Interim chief takes over Arundel schools

Contract talks, decisions on new curriculum loom

January 03, 2002|By Stephen Kiehl | Stephen Kiehl,SUN STAFF

Ken Lawson wanted to be in Miami yesterday. He wanted to lounge in the Florida sun and then cheer on his beloved Terrapins in the Orange Bowl.

But Lawson, University of Maryland Class of 1969, had something more important to do yesterday: He took the helm of the Anne Arundel County school system.

He did, however, wear a black Maryland sweater over a red-checked shirt.

"I'd love to be there," Lawson said, "but duty calls."

For the next six months, he will serve as interim superintendent while the school board searches for a replacement for Carol S. Parham, who left last month to take a professorship at UM.

Kenneth P. Lawson, 54, hasn't decided whether he'll apply to take on the job permanently, though plenty of people have encouraged him to do so.

After 32 years in Anne Arundel schools as a teacher, principal and, for the past eight, as an associate superintendent, Lawson is hugely popular - a good thing given the challenges that await him.

The next six months are pivotal for the county school system. Not only will the school board choose a new superintendent, but it will also decide on a new middle school curriculum and consider lengthening the school day by 30 minutes for all students.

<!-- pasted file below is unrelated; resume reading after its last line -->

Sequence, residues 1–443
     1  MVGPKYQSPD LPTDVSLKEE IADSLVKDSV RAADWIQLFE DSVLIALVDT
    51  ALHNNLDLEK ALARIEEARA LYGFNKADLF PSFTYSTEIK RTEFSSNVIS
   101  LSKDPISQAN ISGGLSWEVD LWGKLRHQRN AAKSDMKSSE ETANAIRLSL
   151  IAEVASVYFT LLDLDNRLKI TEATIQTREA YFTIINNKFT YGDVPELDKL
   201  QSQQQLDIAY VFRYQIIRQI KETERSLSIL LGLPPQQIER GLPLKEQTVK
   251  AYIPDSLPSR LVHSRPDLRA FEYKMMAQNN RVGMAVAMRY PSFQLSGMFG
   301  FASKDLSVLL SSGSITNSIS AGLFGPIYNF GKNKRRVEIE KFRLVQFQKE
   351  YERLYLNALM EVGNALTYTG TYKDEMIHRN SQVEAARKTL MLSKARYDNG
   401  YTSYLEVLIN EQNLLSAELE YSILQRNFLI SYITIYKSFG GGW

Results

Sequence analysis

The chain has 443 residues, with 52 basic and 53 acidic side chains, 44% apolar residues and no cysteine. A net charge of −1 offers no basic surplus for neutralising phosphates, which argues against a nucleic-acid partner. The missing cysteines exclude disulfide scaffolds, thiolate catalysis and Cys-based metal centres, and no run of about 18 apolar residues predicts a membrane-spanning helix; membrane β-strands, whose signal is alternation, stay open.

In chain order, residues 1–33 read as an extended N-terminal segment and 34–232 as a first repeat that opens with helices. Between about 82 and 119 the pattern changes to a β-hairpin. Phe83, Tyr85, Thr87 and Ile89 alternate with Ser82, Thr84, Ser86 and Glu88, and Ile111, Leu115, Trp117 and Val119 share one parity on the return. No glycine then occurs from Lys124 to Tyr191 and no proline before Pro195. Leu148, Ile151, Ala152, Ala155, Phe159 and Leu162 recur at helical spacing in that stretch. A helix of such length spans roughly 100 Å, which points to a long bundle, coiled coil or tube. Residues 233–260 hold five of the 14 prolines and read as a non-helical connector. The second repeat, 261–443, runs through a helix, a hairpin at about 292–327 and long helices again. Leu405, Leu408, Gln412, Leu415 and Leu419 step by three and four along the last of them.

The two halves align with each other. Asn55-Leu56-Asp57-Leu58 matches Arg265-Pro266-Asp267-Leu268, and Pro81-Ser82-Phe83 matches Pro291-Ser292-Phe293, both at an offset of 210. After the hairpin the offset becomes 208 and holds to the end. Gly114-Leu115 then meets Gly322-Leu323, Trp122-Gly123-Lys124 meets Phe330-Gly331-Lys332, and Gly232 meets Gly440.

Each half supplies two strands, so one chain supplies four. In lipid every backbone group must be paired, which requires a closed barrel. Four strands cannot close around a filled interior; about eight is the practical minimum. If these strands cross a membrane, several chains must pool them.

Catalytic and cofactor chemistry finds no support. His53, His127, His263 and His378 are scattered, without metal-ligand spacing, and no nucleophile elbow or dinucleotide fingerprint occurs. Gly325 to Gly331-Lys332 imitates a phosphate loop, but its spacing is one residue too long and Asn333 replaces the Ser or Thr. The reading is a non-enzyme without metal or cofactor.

Lawson will also be negotiating new contracts with unions representing the county's teachers, secretaries and administrators at a time of limited resources.

He says he's ready. In a way, he's been preparing for this job his whole life.

His father was a county schoolteacher and his mother was a county librarian. He attended Anne Arundel public schools and returned to teach just months after graduating from college.

"I've devoted my professional career to Anne Arundel public schools, and to have the opportunity to lead through a period of transition is a real treat for me," Lawson said.

The task that is likely to attract the most attention, and stir the most debate, is to craft a new middle school curriculum. By state order, the county must find a way to get all sixth- through eighth-graders into fine arts, health and physical education classes every year.

He'd like to add 30 minutes to the school day but doesn't think there will be enough money for that.

"I think there would be some real advantages to having youngsters spend more time in school under the direct supervision of a teacher," he said.

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